5 The direct effect of the rise in energy prices on consumer inflation is likely to diminish over the coming months since the oil price had already reached a high level in the same period a year ago. By contrast, the rate of increase in other components of the HICP could pick up, if the high oil price and weakness of the euro start to pass through into the prices of these goods and services. Moreover, the further improvement in growth prospects for the fast growing euro area economies and rise in capacity utilization levels in these countries could generate inflationary pressures in the near future. Consumer price inflation in Finland has also picked up in the course of this year (Chart ). The annual rate of change in HICP inflation increased to.9% in July from.% in January. Measured by the national consumer price index, inflation rose to.7% in July. Although the pick-up in inflation was mainly due to higher energy prices, the rate of increase in services prices has also risen. An additional factor behind the increase in CPI inflation was a rise in lending rates. By contrast, the rate of increase in nonenergy industrial goods has remained fairly muted. Prices of these goods rose by.% in the year to July. Consumer price inflation in Finland is expected to remain relatively high in the second half of this year, mainly because of the high oil price and weakness of the euro. This means that inflation in could turn out to be slightly higher than forecast by the Bank of Finland in June. Although the direct effect of the oil price on the inflation rate is likely to gradually diminish, the indirect effects of the rise in the oil price and the depreciation of the euro have increased upward pressure on prices in, for example, the transport sector. There is a danger that, in conditions of strong domestic demand, these price rises could trigger second-round effects and that the rate of increase in prices of other goods and services could also accelerate. Monetary policy has been tightened in the euro area in a forward-looking fashion The Governing Council of the ECB has raised the Eurosystem s official interest rates by a total of. percentage points in the current year (Chart ). The Governing Council s aim with regard to interest rates Chart. Harmonized Index of Consumer Prices -month percentage change Euro area, total index. Euro area, services. Finland, total index. Finland, services Source: Eurostat. Chart. Official interest rates % USA: fed funds target rate. Sweden: repo rate. Eurosystem: main refinancing rate/minimum bid rate (German repo rate before 999). Japan: discount rate Source: Reuters. BULLETIN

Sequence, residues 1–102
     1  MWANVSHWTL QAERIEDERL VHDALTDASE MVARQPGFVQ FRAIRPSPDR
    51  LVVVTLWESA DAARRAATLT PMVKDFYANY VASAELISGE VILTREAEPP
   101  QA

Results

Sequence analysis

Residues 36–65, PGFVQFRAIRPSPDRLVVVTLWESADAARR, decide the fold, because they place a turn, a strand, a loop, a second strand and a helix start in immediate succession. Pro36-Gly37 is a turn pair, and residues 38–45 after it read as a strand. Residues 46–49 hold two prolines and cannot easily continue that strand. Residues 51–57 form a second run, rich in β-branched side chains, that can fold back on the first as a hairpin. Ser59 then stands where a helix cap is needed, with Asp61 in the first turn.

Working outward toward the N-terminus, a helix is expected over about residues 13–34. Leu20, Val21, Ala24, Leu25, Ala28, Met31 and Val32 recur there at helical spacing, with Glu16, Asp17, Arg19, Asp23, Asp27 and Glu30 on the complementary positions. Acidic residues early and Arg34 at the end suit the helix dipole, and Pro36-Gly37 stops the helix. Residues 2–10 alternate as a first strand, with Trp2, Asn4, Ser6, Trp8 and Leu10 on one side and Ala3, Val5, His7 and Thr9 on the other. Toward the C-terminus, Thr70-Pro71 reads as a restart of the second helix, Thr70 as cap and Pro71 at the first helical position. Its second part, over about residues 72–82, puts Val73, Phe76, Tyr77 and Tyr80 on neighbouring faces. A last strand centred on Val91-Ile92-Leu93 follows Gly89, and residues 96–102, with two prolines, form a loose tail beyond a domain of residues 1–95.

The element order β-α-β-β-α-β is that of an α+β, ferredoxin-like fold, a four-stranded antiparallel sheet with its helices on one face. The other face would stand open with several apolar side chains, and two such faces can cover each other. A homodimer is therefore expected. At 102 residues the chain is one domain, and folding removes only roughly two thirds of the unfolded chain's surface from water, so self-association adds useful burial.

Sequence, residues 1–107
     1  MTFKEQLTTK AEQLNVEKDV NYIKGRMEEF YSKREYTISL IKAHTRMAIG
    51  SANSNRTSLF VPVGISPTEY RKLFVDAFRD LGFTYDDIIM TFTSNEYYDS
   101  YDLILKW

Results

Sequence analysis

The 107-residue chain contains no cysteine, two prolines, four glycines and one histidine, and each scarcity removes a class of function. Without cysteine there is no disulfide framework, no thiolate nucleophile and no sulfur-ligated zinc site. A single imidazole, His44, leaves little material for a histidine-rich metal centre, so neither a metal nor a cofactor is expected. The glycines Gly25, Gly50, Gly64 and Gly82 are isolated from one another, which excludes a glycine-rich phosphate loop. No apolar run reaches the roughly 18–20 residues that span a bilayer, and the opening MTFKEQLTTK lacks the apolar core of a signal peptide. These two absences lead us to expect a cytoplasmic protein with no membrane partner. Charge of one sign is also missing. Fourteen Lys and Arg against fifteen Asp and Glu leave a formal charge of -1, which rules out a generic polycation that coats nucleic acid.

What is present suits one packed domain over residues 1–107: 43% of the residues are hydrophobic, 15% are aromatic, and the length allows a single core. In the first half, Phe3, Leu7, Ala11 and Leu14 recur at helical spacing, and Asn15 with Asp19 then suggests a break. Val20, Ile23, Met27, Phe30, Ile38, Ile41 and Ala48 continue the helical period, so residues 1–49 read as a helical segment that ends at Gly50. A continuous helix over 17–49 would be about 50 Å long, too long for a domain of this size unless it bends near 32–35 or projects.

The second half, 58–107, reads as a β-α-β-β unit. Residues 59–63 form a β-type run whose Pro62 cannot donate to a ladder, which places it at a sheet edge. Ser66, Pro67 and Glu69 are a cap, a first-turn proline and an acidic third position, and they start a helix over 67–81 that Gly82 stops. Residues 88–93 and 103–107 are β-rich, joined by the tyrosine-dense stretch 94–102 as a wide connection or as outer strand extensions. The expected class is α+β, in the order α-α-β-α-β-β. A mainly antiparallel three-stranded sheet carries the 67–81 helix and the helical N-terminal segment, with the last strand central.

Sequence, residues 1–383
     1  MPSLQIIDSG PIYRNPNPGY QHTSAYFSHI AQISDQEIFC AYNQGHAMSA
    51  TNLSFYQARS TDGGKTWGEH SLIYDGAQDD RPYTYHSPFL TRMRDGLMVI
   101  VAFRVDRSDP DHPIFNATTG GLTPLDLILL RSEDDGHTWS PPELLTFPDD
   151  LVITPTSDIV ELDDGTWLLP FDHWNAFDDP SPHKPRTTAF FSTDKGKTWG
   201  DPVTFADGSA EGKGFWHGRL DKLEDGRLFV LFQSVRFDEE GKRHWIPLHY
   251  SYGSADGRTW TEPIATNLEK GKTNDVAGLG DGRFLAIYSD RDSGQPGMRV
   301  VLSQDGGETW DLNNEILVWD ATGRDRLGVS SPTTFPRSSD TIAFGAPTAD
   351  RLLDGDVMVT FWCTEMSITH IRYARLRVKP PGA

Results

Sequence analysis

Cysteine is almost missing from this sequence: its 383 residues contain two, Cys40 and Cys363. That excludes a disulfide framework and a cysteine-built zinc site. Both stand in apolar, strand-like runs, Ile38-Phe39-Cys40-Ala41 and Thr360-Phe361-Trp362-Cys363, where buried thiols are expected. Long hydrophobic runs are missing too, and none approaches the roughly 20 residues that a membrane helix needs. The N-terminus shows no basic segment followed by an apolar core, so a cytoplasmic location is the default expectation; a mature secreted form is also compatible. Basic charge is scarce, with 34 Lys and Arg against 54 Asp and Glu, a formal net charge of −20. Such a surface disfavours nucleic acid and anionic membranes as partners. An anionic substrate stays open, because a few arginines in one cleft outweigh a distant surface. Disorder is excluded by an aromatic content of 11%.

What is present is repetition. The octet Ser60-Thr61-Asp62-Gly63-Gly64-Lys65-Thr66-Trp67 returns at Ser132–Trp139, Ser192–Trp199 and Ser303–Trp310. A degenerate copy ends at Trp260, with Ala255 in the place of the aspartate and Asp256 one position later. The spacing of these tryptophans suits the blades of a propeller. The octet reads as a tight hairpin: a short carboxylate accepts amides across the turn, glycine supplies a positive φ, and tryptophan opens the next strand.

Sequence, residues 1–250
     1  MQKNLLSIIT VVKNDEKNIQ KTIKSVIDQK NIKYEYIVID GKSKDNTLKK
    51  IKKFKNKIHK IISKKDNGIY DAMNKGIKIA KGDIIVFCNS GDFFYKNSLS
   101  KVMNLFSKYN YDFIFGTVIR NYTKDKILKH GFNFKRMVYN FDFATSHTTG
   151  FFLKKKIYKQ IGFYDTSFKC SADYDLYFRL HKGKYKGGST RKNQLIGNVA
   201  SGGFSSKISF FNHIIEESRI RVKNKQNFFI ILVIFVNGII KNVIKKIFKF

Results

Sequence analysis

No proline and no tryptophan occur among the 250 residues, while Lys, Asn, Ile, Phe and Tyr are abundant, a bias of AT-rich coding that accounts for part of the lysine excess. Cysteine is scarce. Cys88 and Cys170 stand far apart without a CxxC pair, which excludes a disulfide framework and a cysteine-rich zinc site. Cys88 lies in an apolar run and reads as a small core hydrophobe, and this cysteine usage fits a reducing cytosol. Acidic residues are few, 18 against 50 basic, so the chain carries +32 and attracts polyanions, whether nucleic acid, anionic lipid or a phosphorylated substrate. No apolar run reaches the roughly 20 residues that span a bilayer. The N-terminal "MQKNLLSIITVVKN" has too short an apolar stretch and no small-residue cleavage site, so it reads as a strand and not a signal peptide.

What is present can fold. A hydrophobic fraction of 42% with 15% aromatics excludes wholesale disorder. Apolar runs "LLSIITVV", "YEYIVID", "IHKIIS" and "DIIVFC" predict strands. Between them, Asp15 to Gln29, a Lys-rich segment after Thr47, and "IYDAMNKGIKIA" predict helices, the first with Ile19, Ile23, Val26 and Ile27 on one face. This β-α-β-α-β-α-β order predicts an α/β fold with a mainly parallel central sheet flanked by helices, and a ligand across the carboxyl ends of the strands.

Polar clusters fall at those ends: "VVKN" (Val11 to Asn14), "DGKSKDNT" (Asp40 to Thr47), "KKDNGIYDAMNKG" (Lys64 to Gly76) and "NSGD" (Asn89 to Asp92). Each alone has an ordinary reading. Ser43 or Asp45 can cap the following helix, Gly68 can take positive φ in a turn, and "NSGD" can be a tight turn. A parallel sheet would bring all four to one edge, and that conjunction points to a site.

6 Chart. Interest rates in the euro area % month Euribor. -month Euribor. Average -year government bond yield Source: Reuters. For further details, see The switch to variable rate tenders in the main refinancing operations ECB Monthly Bulletin, July. has been to operate in a forward-looking fashion in order to ensure that economic growth can continue without running up against rising inflation. The most recent rate increase was in early June, when the Governing Council raised the ECB s official interest rates by basis points. The Governing Council also decided to switch to variable rate tenders in the conduct of the main refinancing operations, starting from the end of June. Variable rate tenders are conducted by applying the multiple rate auction procedure, in which for each accepted bid the counterparty receives financing at the bid rate. The switch was made in response to the overbidding that had occurred in the context of fixed rate tenders. A minimum bid rate was set for the main refinancing operations, which is currently.%. The minimum bid rate signals the monetary policy stance in the same way as the rate applied to fixed rate tenders previously used to do. The announcement of the tender results include, in addition to the total amount allotted, the marginal rate (ie the lowest bid rate at which funds are allotted) and the weighted average rate on accepted bids. The announcement also includes bids accepted at the marginal rate as a percentage of the total amount of bids submitted at this rate. The Governing Council s decisions to raise interest rates were based on developments in both pillars of the monetary policy strategy. As for the first pillar, monetary and credit aggregates grew strongly throughout 999 and have continued to do so in the current year, indicating that liquidity is ample. Although the annual rate of increase in the broad monetary aggregate M has slowed slightly since May, it still exceeds the reference value. The three-month moving average of annual M growth was 6.% in the period from April to June, compared with 6.% in the previous three-month period. The growth of loans to the private sector has likewise slowed a little, but it is still high. In June the annual rate of growth of loans to the private sector was 9.%, a decline of one percentage point from the previous month. As regards the second pillar, it was noted above that there has been upward pressure on consumer prices as a result of rising import prices, which, in turn, reflect the effects of the depreciation of the euro and the higher oil price. The rate of growth of the Finnish contribution to euro area M has fluctuated substantially in the course of this year, mirroring variations in the amount of money market paper outstanding. This development, in turn, is partly due to factors connected with the government s cash management. The three-month moving average of the rate of growth of the Finnish contribution to M was 7.% in the period from April to June. The rate of growth of loans to the private sector in Finland has slowed in recent months and fallen below the corresponding rate for the euro area. The rate of growth in the period from May to June was about 7%, compared with about % in the early months of the year. Contributing to this development have been the rise in interest rates and the quieter conditions in the housing market. The stock of bank loans to non-financial corporations has actually de- BANK OF FINLAND